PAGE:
You can also take celery root, cauliflower or carrots, cut them into chunks or thin rounds, and dress them with straight vinaigrette with an extra dash of vinegar and let them soak for an hour, then season to taste with salt and pepper. The copious amount of acid “cooks” the vegetables, and the result is a bright flavor combined with a fabulous crunch. Use as a side salad to anything.
With Christmas coming, the biggest challenge for me is planning the food! Do you have any holiday menu items that have components you can prepare ahead of time? Even things for meals on Dec 23rd or 27th would be great. I have two young children that want my attention, and a mother-in-law who is very critical. So if I can have the food set so that I can be with my kids while appeasing the M-I-L, life would be much smoother! –Susie, Durham, NC
That’s a tall order, for sure! First things first: I’d have a pot of soup on the stove and crusty bread ready to go. Any hearty soup with good bread is a failsafe method to satisfy the stomach and the soul. Also, always keep some house-made vinaigrette on hand to pour over raw vegetables, salads, or use as a marinade for chicken and meat. Something as simple as that lifts ordinary dinners and lunches into the realm of real cuisine.
Now, as for appeasing the kids and the in-law… My advice would be to make something that can be stored in the freezer, so on the day of all you have to do is throw it in the oven, spend time with your family, and pull it out when it’s ready to eat. A good mushroom-spinach lasagna or a sweet potato lasagna with parmesan, ricotta and tomato are good options. You can even portion out servings in mini loaf pans when you first cook it, and reheat them as needed.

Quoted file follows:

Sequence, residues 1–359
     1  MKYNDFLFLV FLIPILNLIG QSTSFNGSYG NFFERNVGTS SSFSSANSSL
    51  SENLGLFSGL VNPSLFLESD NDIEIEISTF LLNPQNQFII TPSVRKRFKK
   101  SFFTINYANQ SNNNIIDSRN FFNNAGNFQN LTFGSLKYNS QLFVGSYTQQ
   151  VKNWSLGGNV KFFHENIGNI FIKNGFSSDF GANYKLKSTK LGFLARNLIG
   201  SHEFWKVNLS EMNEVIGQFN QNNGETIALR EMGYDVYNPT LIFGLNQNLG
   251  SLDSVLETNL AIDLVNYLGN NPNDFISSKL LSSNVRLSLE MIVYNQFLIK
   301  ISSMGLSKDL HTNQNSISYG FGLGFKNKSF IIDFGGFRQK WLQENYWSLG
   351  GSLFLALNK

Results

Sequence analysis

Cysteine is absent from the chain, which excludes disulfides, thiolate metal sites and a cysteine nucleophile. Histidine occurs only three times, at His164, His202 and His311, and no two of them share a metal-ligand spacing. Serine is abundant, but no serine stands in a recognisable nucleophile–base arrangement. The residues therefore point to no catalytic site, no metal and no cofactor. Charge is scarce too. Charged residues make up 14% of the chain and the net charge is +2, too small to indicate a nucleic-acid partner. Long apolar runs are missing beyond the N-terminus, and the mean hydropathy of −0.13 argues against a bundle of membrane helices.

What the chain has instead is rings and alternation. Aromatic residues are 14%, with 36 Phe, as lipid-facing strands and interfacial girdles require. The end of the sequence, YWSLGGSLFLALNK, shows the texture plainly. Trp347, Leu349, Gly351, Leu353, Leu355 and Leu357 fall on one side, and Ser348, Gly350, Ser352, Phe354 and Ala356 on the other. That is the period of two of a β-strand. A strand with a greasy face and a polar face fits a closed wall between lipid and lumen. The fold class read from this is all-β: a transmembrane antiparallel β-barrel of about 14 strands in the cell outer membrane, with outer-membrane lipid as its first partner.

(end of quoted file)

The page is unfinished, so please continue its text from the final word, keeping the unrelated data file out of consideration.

As a roast option that is fabulous for entertaining, might I recommend my individual, make-ahead Beef Wellingtons with mushroom, spinach and blue cheese stuffing. This dish really works—I’m planning to serve it on Christmas Eve at my restaurant. They’re an elegant dinner that your mother in law will love, and you can make and freeze them well in advance.
For the recipe, go to FineCooking.com and enter “Ris Lacoste, Beef Wellington” into the search bar. I wrote the column a few years ago, but I still rely on it all the time, and the recipe has never changed. Best of luck!
I host a holiday dinner party every year for about 40 people, and I’m always so focused on the meal that I neglect to put out anything exciting to munch on while everyone is mingling and sipping cocktails. I need a couple of hors d’oeuvre ideas that can be assembled quickly, aren’t too messy to eat, and will impress my guests! – Caroline, Annapolis, MD
Passing by your local cheese shop is a great place to start. My standby, no-work, go-to starter is pairing a fabulous cheese with dried figs, olives, Marcona almonds, salamis, Dijon mustard and a baguette. The key here is searching out the right ingredients, finding a balance between the sweet, salty and savory. It is elegant and simple—exactly what a busy hostess needs.
Cowgirl Creamery, Cheesetique, and Whole Foods Georgetown are three of my favorite cheese shops in the area.
If you feel like doing a little more work, one bite of heaven that I rarely forgo is my salmon rillettes. These are quick-to-make, delicious hors d’oeuvres, the recipe for which you can easily adjust to serve any number of people. Your guests won’t be able to stay away from them. Follow this basic:
Ris’ Salmon Rillettes The basic ratios for this recipe are equal parts smoked salmon and fresh salmon fillet, and ¼ of the total salmon weight in room temperature salted butter. For example: ½ lb. smoked salmon / ½ lb. fresh salmon / ¼ lb. butter.
Gently roast the fresh salmon with olive oil, lemon, salt, pepper and fresh thyme. Refrigerate until ready to use. Finely dice the smoked salmon, place in a large bowl, and use your hands to mash together with the room temperature butter, until the mixture is homogenous. Flake the chilled roasted salmon into the bowl, without mixing. Add lemon zest, lemon juice, lots of fresh diced shallots, chopped chives, salt, pepper, a dash of Tabasco, and mayonnaise—preferably homemade lemon mayo with a touch of Dijon. Mix and fold very gently, ensuring the flakes of fresh salmon remain intact, thus creating the “rillettes” effect. All seasonings need to be adjusted depending on the volume of salmon.
Place the rillettes on a buttered, toasted slice of baguette with a fork, making sure to maintain the salmon’s flaky texture. Garnish with a slice of cornichon, and a dill sprig if desired. The acidity of the cornichon cuts through the richness of the rillettes to give it a wonderful bite.